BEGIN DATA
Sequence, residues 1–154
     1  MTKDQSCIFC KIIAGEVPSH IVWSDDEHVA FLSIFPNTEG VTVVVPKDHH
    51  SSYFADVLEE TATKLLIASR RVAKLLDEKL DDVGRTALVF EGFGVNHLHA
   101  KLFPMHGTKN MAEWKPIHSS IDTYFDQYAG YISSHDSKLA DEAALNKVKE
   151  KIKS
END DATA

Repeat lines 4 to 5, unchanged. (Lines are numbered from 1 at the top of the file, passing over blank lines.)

   101  KLFPMHGTKN MAEWKPIHSS IDTYFDQYAG YISSHDSKLA DEAALNKVKE
   151  KIKS